Hong Kong shares hit one-month high, but gains lack conviction
(Updates to close)
* HSI climbs 1 pct, CSI300 up 0.5 pct
* China home price fall in May, but developers strong
* HKEx falls after LME acquisition
* Mengniu close at 2-wk high after Arla deal
By Clement Tan and Vikram Subhedar
SINGAPORE/HONG KONG, June 18 (Reuters) - Hong Kong shares closed at a one-month high on Monday, with risky assets back in favour after pro-bailout parties won a slim majority in Greece's election, a result seen as crucial to European leaders' efforts to hold the euro together.
Companies with a sizeable European presence such as HSBC Holdings and Hutchison Whampoa, were among the key gainers, helping the benchmark Hang Seng Index rise 1 percent to its highest close since May 15.
The Hang Seng finished at 19,427.8, off the day's high, which was just shy of its 200-day moving average currently at about 19,593.1. The 38.2 percent Fibonacci retracement of its rise from October lows to February highs is at about 19,644.
In mainland China, the large cap-focused CSI300 Index closed up 0.5 percent at its highest since June 1. The China Enterprises Index of the top Chinese listings in Hong Kong gained 0.8 percent, while the Shanghai Composite rose 0.4 percent.
But Monday's strength came with weak bourse turnover in both markets, suggesting investors remained unconvinced and gains could unravel if not underpinned by substantive catalysts from Europe or China's flash PMI on Thursday.
"There is a mixture of both fresh buying and short-covering in Hong Kong, investors have been pricing in a lot of negativity," said Hong Hao, Bank of Communications International Securities' Hong Kong-based chief equity strategist.
"Europe remains the biggest risk, but there are signs that the economic and earnings cycle for China is starting to turn for the better, so I wouldn't recommend that people get too bearish right now," Hong added.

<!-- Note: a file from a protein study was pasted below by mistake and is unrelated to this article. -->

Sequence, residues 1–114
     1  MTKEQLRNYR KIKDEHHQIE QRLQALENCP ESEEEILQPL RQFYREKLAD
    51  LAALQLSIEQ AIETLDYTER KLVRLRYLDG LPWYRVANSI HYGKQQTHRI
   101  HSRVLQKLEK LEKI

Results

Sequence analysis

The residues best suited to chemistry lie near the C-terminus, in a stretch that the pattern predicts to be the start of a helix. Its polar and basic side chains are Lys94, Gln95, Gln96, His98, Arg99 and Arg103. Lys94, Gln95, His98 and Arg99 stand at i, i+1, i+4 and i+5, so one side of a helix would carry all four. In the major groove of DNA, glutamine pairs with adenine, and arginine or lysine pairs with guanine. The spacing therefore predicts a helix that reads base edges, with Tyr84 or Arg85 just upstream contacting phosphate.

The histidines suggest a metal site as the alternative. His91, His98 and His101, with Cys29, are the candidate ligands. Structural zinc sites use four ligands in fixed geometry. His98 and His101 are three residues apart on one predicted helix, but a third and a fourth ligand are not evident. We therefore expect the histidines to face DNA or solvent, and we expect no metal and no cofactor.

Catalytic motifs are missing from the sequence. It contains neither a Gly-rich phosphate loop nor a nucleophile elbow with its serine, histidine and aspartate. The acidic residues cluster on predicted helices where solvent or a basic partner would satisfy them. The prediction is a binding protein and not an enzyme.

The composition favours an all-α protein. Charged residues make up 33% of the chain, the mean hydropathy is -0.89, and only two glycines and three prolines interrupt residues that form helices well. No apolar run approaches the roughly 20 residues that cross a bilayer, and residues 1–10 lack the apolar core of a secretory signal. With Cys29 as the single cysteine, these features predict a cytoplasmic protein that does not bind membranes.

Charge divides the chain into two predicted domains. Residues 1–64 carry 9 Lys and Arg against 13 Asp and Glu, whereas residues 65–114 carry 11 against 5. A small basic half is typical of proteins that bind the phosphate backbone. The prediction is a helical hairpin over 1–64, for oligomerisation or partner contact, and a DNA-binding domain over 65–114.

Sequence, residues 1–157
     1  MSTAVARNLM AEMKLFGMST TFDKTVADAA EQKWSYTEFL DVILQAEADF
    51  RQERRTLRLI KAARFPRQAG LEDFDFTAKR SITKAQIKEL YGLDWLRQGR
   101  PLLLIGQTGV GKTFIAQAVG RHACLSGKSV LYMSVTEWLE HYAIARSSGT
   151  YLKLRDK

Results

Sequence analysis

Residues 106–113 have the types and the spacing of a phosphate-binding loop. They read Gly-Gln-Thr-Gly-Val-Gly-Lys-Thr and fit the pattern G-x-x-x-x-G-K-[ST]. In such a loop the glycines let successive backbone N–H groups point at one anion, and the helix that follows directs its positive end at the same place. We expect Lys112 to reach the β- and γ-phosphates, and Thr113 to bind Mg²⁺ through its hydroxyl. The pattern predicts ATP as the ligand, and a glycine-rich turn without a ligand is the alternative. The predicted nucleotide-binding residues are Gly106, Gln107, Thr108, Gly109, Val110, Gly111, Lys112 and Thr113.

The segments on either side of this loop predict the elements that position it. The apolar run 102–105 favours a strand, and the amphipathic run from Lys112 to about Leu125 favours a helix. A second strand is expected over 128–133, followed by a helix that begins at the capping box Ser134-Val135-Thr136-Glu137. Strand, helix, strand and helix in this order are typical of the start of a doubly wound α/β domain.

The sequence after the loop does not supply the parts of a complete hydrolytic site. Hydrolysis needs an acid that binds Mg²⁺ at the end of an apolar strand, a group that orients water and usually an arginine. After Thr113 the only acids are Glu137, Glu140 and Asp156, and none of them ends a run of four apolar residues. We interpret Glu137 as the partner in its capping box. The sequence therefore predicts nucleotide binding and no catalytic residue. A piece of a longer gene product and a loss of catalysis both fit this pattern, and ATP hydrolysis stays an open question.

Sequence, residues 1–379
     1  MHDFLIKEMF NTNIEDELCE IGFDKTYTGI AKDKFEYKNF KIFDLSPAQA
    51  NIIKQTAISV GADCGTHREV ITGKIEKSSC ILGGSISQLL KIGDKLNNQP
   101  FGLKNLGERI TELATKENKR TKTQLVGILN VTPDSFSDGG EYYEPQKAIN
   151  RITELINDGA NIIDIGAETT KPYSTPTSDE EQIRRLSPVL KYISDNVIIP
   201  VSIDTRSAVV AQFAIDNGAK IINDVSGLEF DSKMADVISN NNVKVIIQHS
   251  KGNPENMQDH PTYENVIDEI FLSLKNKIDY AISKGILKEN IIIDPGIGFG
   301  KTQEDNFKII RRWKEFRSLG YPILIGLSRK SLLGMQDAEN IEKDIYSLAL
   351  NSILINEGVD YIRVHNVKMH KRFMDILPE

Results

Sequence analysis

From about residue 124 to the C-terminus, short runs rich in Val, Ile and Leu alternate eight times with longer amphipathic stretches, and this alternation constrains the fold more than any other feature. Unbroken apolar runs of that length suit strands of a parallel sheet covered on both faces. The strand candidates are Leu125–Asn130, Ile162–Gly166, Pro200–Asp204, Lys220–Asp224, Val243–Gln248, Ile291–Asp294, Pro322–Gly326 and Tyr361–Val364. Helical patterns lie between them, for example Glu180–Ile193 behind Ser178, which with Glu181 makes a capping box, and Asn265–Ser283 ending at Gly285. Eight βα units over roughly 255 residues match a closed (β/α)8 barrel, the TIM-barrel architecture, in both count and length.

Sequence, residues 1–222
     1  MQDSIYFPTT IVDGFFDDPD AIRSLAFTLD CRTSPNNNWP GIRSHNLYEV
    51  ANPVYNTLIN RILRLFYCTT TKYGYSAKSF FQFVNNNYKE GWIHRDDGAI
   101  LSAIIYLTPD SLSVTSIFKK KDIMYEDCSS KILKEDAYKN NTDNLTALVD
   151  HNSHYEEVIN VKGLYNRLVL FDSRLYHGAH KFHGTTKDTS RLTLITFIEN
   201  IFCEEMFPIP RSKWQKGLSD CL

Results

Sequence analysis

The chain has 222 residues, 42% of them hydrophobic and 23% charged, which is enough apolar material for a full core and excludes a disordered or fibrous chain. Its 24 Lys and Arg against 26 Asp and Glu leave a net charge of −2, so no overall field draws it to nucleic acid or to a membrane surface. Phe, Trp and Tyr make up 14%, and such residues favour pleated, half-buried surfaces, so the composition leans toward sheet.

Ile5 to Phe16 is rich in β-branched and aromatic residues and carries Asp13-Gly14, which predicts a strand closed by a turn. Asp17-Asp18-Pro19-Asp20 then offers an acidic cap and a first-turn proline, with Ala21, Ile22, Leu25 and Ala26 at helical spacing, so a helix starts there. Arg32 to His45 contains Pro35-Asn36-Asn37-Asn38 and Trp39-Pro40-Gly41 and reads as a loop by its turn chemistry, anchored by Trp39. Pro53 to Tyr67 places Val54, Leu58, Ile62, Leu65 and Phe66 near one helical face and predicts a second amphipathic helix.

Part of Hong's assessment was derived from data on Monday that suggested average home prices in China's 70 major cities dipped for the eighth straight month in May. But the pace of decline eased, which he said would give Beijing greater policy leeway.
Chinese developers listed in Hong Kong ended firmer, while some of those listed in mainland markets reversed early losses. China Overseas Land & Investment rose 2.7 percent in strong volume to its highest since April 7, 2010.
The Shanghai property sub-index was up 0.5 percent, while Poly Real Estate climbed 1.6 percent and Shenzhen-listed China Vanke rose 0.9 percent.
China Mengniu Diary Co jumped 6.8 percent in Hong Kong to close at its highest since June 1 after Nordic diary group Arla announced it has become an indirect shareholder, in a move that could help Mengniu improve its product quality and supply chain management.
Mengniu was first plagued by food safety issues four years ago, but its biggest rival in the sector - Inner Mongolia Yili Industrial Group - was again haunted by similar concerns of its own on Monday.
Yili followed Friday's 10 percent plunge with another 4.7 percent decline on Monday. It has now lost more than 14 percent in the last two sessions after recalling baby formula tainted with "unusual" levels of mercury.
LME PURCHASE HURTS HKEX
Exchange operator Hong Kong Exchanges & Clearing (HKEx) fell 4.5 percent in more than double its 30-day average volume as investors punished its decision to pay $2.2 billion for the London Metal Exchange (LME).
The deal to buy LME comes even as HKEx's mainstay business of cash equities trading is going through a particularly rough patch.
Average turnover on the exchange is threatening to dip below levels last seen in the aftermath of the Lehman Brothers bankruptcy in 2008 while it is also set to lose its crown as the world's top IPO destination.
In 2011, fees from trading and listing accounted for 50 percent of the HKEx's revenue. Enthusiasm over the HKEx's unique position to benefit from offshore-yuan-related business, such as RMB-denominated shares, has also waned.
The stock is down nearly 50 percent from its November 2010 highs, pushing the exchange off of its perch as the world's most valuable exchange operator.
Diversifying into commodities trading, a goal long-held by the company's top management, pits the HKEx against more established rivals such as the Chicago Mercantile Exchange and ICE that have a much longer track record of managing commodities derivatives businesses, analysts said.
"In our view, this deal is purely to avoid marginalization of HKEx by adding a commodity business," said Harsh Wardhan Modi, an analyst at JPMorgan, in a note to clients. "As a result, it is very costly." (Editing by Ramya Venugopal)
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